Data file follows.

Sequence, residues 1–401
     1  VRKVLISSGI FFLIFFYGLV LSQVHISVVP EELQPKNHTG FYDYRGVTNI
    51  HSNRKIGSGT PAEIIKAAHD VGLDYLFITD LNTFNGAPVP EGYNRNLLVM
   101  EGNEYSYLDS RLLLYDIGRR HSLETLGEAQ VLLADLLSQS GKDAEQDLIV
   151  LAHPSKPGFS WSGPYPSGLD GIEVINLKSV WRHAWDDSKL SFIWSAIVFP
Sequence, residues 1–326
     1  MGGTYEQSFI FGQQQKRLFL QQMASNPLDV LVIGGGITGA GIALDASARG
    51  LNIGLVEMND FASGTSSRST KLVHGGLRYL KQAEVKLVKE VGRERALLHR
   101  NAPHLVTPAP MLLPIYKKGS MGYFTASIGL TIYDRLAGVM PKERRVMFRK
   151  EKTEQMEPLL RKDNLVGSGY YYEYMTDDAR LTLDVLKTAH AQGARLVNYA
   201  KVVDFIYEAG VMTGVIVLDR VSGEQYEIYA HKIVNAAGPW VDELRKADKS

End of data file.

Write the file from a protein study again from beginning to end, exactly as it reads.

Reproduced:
Sequence, residues 1–401
     1  VRKVLISSGI FFLIFFYGLV LSQVHISVVP EELQPKNHTG FYDYRGVTNI
    51  HSNRKIGSGT PAEIIKAAHD VGLDYLFITD LNTFNGAPVP EGYNRNLLVM
   101  EGNEYSYLDS RLLLYDIGRR HSLETLGEAQ VLLADLLSQS GKDAEQDLIV
   151  LAHPSKPGFS WSGPYPSGLD GIEVINLKSV WRHAWDDSKL SFIWSAIVFP
Sequence, residues 1–326
     1  MGGTYEQSFI FGQQQKRLFL QQMASNPLDV LVIGGGITGA GIALDASARG
    51  LNIGLVEMND FASGTSSRST KLVHGGLRYL KQAEVKLVKE VGRERALLHR
   101  NAPHLVTPAP MLLPIYKKGS MGYFTASIGL TIYDRLAGVM PKERRVMFRK
   151  EKTEQMEPLL RKDNLVGSGY YYEYMTDDAR LTLDVLKTAH AQGARLVNYA
   201  KVVDFIYEAG VMTGVIVLDR VSGEQYEIYA HKIVNAAGPW VDELRKADKS